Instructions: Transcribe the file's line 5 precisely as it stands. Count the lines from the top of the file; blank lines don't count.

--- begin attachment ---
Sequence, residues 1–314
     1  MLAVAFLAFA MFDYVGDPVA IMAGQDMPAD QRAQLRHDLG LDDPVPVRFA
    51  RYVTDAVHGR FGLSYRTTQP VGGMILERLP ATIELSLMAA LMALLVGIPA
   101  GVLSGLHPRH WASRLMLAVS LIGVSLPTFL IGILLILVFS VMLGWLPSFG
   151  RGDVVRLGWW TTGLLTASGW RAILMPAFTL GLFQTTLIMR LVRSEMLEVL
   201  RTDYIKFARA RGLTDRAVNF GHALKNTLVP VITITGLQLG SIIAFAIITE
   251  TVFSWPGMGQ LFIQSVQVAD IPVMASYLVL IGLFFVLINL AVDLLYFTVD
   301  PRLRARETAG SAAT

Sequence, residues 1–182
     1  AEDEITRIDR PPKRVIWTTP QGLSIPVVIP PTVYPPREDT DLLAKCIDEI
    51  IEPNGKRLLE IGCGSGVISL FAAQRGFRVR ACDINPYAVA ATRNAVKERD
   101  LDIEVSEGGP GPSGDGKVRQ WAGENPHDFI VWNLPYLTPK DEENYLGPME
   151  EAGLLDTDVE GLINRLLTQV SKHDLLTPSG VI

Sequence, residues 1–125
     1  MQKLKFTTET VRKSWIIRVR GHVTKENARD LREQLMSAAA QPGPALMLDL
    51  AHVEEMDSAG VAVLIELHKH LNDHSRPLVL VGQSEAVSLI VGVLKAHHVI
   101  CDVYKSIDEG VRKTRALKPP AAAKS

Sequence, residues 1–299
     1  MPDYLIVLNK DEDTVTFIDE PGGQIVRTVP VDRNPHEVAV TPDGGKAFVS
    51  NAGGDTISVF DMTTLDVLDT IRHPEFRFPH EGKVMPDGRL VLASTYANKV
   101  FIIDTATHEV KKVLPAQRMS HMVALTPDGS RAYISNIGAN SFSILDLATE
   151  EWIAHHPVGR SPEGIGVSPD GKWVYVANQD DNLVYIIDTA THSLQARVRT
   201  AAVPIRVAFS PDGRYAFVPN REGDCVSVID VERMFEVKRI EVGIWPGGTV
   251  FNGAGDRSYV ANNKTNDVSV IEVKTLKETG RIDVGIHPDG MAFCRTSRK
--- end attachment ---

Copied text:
   151  RGDVVRLGWW TTGLLTASGW RAILMPAFTL GLFQTTLIMR LVRSEMLEVL